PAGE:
All of this is not to say that urban Californian drivers are exempt from car crashes. Hamish Reid, British-born author of the site California Driving Guide, cautions drivers against the bad driving habits seen on California’s urban roads, such as changing lanes without a signal, driving slowly in the left lane, passing in the right lane, turning from the wrong lane, and running red lights, among others. Ballieul agrees with Reid: “The 405 may not be a winner-take-all Mad Max wasteland, but it’s about as close as we get.”
The Price of Gas
Filling up the tank can be a painful experience, especially for drivers in California. They generally pay more for gas than the rest of the country. In 2012, when gas prices were at their highest, the national average as $3.60 per gallon. But in California, the price went as high as $4.671 per gallon.
Even with the drop in gas prices, the current national average for a gallon of regular unleaded is $2.293 (as of Jan. 26, 2017). In California, however, drivers are shelling out an average of $2.793 per gallon. Of course, that is the state average. Drivers in Yuba City are lucky enough to pay the lowest average gas price, at $2.554 per gallon of unleaded. But for those in the San Luis Obispo area, a gallon will set them back $2.924.
Although gas in California is more expensive than gas in, say, Ohio, it is cheaper than it was just a few years ago. When gas prices drop, more drivers can afford to fill up. This means that there will be more drivers on the road, and unfortunately, more accidents.
The Unemployment Rate
As of December 2016, the national unemployment rate was 4.7 percent. California’s unemployment is a little bit higher at 5.3 percent. Though they probably seem unrelated, the employment rate of a state affects its driving rate. As the employment rate increases, so does the number of commuters. And in California, commutes tend to be fairly long. According to the 2014 Census Bureau American Community Survey, the average Californian commutes for 27 minutes each way, and 9.9 percent of workers report having a commute of 60 minutes or longer.
More generally, higher employment rates tend to signal an improved economy and more discretionary spending. This means more people driving to restaurants, museums, and arenas, as well as more people taking road trips. Furthermore, the more people who are employed, the more people who can purchase big-ticket items, such as cars.
Drinking and driving may have been the biggest road hazard for much of the 20th century, but a new danger has emerged: distracted driving. Distracted driving refers to any situation in which a driver is focused on something other than the road, but it is most commonly associated with drivers using their cell phones (for calling, texting, emailing, etc.) while behind the wheel.
According to Distraction.gov, 3,179 people were killed and another 431,000 were injured in motor vehicle crashes involving distracted drivers in 2014. As horrifying as those numbers are, they may be underestimations. It’s difficult to determine the exact number of crashes involving distracted driving, as most drivers are unwilling to admit to cell phone use, there’s no equivalent to a blood-alcohol test to confirm cell phone use post-crash, and it’s tricky for investigators to obtain cell phone records.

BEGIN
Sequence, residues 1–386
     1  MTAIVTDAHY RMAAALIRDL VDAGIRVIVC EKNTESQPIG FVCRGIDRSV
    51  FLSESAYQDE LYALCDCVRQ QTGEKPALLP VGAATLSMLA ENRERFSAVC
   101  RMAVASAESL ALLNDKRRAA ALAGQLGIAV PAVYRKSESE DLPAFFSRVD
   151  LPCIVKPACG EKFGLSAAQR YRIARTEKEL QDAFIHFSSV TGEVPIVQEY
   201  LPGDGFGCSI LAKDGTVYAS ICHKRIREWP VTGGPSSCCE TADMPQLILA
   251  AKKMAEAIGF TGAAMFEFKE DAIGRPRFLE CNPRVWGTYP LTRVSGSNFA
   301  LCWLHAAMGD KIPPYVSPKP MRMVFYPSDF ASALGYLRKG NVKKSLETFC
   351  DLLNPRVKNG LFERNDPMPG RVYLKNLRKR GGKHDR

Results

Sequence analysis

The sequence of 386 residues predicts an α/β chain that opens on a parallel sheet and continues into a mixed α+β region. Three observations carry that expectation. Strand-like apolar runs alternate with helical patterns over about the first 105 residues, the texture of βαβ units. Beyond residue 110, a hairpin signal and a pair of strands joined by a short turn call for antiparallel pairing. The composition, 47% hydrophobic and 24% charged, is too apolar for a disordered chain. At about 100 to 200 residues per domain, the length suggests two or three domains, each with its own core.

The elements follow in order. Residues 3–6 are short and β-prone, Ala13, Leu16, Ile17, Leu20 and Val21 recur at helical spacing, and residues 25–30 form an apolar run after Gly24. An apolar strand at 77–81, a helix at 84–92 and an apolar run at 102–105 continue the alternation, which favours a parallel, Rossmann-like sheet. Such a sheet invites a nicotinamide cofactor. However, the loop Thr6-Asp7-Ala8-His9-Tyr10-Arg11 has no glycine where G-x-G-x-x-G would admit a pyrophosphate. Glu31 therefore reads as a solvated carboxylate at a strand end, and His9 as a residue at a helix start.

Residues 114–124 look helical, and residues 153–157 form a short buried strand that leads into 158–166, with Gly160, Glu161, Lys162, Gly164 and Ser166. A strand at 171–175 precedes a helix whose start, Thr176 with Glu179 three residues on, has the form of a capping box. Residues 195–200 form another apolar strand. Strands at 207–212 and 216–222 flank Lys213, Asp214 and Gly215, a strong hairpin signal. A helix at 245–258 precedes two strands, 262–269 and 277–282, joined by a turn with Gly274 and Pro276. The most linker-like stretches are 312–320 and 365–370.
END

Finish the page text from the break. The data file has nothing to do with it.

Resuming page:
The state of California is actively working to reduce distracted driving. Assembly Bill 1785, which went into effect on Jan. 1, 2017, makes it illegal for drivers to use their phones while driving, unless they are using a hands-free device or voice-operated commands. The bill also stipulates that cell phones must be mounted to the dashboard or windshield. Drivers who violate the law face a $20 fine for the first offense and a $50 fine for subsequent offenses.
Teenagers Behind the Wheel
For many teens, obtaining a driver’s license is a rite of passage, but teens are among the most dangerous drivers on the road. Not only are teen drivers inexperienced, but they are also more likely to engage in distracted driving. According to the AAA Foundation for Traffic Safety, “distraction was a factor in nearly 6 out of 10 moderate-to-severe teen crashes.”
To make things safer for teens and the other drivers sharing the road with them, California has adopted a graduated driver’s license program. This helps teens ease into driving, giving them the time and practice necessary to become safe drivers. Partly because of this program, California was named the fifth safest state for teenage drivers by CarInsurance.com in 2016.
For teens to become drivers in the Golden State, they first start with a provisional permit, which they may apply for at age 15 1/2. Teens remain on the provisional permit for at least six months and must log at least 50 practice hours (including 10 at night) accompanied by a responsible adult driver before they can graduate to a provisional license.
The provisional license allows teens to drive alone, but not between the hours of 11 p.m. and 5 a.m. and not with passengers under the age of 20. Once teens reach age 18, they are eligible for a full license. And until age 18, all cell phone use in the car is prohibited, even if they have a hands-free device.
These requirements not only keep teenagers safe and provide their parents some peace of mind, but they also help other drivers in California feel more secure sharing the road with teens.
The State of Driving in California
Californians understand the importance of the car to both American history and modern life. But when car is culture, it can be easy to forget just how much responsibility you have when you get behind the wheel. Understanding what driving is like in the Golden State can put you in the right place to both enjoy your automobile and respect it for the powerful and potentially dangerous machine that it is.